Harriet Harris has popped up on your TV screens since 1989. A serial guest star, she's perhaps best known to TV audiences for her recurring roles as Bebe Glazer on "Frasier" and Felicia Tilman on "Desperate Housewives." But to a whole different segment, she's a Tony-winning actress.
Harris, a 58-year-old native of Texas, is currently starring in "Cinderella" on Broadway as Madame, Cinderella's stepmother. She took home a Tony and a Drama Desk Award for "Thoroughly Modern Millie" in 2002. However, it's her recognizable voice and litany of film and TV credits -- everything from "Law & Order" to "Momento" -- that make her a recognizable face and the perfect subject for "Isn't That ... ?," a new HuffPost feature highlighting those character actors you recognize from a variety of projects, but don't know much else about.
"I love it. It's a delight to do," Harris said in a phone interview about "Cinderella." "I have enormous respect and admiration for everybody involved with it."
Harris said she's had the acting bug since around the age of 7, but there was something else that used to tickle her fancy.
"I thought being governor of Texas would be a great thing to do and it didn't occur to me at the time that there hadn't been a female governor and wasn't until Ann Richards came along. I thought that would really be something I would be very well-suited for," Harris said with a laugh.
Harris, who was a shy kid, said acting has opened her up. "I've gotten to experiment with being more open ... I don't think I'll ever be outgoing, but I am friendlier than I would've been and I'm slightly more approachable and I think that makes for a better person."
While studying drama at Juilliard alongside the likes of Frances Conroy and Kelsey Grammer, Harris said she thought her career would be doing classic stage plays and classic plays only. It wasn't until she was cast in "Jeffrey," a play by Paul Rudnick, that she saw a point in doing new work. "It speaks to people in a way that I thought only classic plays could," she said. "[T]hat started really more or less a career in television that I did not anticipate having."
Harris' first credited TV role was the series "Doctor Doctor" and she remembers being taught something very valuable on "Golden Years" shortly after her TV career started to take shape.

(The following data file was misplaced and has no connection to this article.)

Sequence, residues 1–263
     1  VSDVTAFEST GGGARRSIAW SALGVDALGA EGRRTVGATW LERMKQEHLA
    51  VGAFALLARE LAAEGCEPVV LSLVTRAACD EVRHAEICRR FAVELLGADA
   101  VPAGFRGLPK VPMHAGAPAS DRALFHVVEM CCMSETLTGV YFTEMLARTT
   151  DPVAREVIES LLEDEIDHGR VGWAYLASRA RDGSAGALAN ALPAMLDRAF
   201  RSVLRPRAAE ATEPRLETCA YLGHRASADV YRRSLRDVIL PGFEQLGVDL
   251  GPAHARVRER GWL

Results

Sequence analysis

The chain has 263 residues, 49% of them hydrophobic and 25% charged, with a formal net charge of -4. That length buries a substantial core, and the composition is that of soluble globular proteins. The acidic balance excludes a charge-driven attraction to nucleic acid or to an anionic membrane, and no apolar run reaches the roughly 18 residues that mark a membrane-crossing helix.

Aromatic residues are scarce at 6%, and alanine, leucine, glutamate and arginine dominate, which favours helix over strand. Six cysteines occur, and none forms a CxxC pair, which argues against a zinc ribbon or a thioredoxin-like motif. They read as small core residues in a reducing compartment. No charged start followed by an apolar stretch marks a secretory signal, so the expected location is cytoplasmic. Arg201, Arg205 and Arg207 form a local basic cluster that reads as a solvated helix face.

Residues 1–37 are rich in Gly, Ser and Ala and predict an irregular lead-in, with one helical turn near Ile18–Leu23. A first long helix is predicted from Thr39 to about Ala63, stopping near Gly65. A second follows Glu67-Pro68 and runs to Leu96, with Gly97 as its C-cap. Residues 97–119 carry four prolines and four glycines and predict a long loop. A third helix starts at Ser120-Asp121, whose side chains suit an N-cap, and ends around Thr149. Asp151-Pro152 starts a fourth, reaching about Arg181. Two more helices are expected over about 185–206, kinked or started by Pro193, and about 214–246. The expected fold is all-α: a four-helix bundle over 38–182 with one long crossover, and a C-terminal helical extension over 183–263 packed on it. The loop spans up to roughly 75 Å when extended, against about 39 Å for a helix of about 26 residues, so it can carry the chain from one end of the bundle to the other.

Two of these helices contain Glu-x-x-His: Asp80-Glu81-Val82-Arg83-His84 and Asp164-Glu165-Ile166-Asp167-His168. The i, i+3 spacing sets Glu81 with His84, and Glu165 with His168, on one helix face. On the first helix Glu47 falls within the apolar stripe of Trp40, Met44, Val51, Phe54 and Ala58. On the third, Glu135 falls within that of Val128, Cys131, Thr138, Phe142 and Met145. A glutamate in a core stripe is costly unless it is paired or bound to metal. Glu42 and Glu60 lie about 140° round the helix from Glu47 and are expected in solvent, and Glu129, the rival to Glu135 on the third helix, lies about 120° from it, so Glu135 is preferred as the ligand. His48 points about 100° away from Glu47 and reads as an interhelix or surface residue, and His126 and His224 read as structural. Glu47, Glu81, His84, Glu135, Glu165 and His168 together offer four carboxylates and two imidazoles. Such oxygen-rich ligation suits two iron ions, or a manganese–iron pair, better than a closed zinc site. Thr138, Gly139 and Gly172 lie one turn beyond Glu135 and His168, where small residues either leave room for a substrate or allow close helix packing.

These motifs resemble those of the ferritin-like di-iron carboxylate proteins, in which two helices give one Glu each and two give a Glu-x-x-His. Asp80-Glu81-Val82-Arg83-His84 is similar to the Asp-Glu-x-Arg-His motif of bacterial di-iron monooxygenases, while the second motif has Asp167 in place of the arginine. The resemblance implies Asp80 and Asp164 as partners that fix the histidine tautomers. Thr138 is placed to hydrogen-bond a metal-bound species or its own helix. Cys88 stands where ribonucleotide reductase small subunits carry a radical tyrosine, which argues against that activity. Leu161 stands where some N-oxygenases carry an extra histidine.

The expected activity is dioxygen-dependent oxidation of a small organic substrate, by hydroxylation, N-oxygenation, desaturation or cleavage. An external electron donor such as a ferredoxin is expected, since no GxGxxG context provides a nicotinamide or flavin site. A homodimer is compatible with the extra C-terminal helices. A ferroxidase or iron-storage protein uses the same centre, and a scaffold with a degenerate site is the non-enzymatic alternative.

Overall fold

"A wonderful director named Allen Coulter, who went on to do lots of interesting stuff, saw I had been at the Guthrie [Theater] on my resume and decided that meant that I could really act," she said. "For that day, he taught me how to do a closeup. It was stuff that in conservatory training at Juilliard, they just never got into that because we were all destined to have stage careers."
After "Golden Years," Harris went on to have roles on "Law & Order" and in "Addams Family Values." In 1993, she appeared in an episode of "The X-Files," "Ever," as Dr. Sally Kendrick/Eve 6 and it's a role she's still recognized for today.
"In a diner in LA, I met one of the guys who was a member of Eve 6. He was staring at me and the rest of his table started to stare at me and finally he came over to me and said, 'Are you Eve 6?' I said, 'Uh, yeah,' and he said, 'So are we!'," Harris recalled with a laugh. "He said, 'It was such a cool show and such a great name,' and I thought this was thrilling."
However, Harris said she gets the most recognition for playing Bebe Glazer, Frasier Crane's over-the-top agent on "Frasier," and for the role of Felicia Tillman on "Desperate Housewives." "Usually people don't know that it's all the same person and I really do like that," she said. "When we leave 'Cinderella' and go out to sign autographs ... it's very sweet to see who knows you from what ... It's nice to be recognized ... You realize in 20 more years or five more years, that probably won't happen. It's always very nice to hear nice things about your work or have people say that they enjoyed you in something."
Unlike some actors, Harris isn't afraid to watch her own work. "I tend to watch everything twice because the first time I just go, 'Well, that's pretty darn good,'" she said with a laugh. "Then the second time I watch it and I think, 'Oh my God. That was really bad. That was horrible! What was I thinking? That was just awful!' Then I think someday I'll watch things a third time so I can go back to thinking, 'Oh, that was pretty good.' My initial reaction is, 'Gee, you're so lucky to be doing this and you worked really hard on it.' I think that's pretty funny that it's only later that I think of the things I could've done that would've been better."
In New York, Harris is known for playing Mrs. Meers in "Thoroughly Modern Millie," a role she won her Tony for. The actress said she was more or less prepared when her name was called at the Tonys. The real surprise happened earlier. "The biggest shock was the morning of the announcements, to find I was nominated," she said. "That was really a huge shock to be in the running for something and win is still a shock, but it was ground-shifting to hear I had been nominated, I would say."
Harris has close to 50 TV credits under her belt and a dozen film roles, yet there isn't a defining one amongst them ... yet.
"I wouldn't want to be remembered forever as one character," she said. "I think that's exactly the opposite of what a character actor does, at least in my mind ... I don't think there's a highest representative of my type in parts that I have done. I hope that part's still out there. If there is one, I hope it's still out there."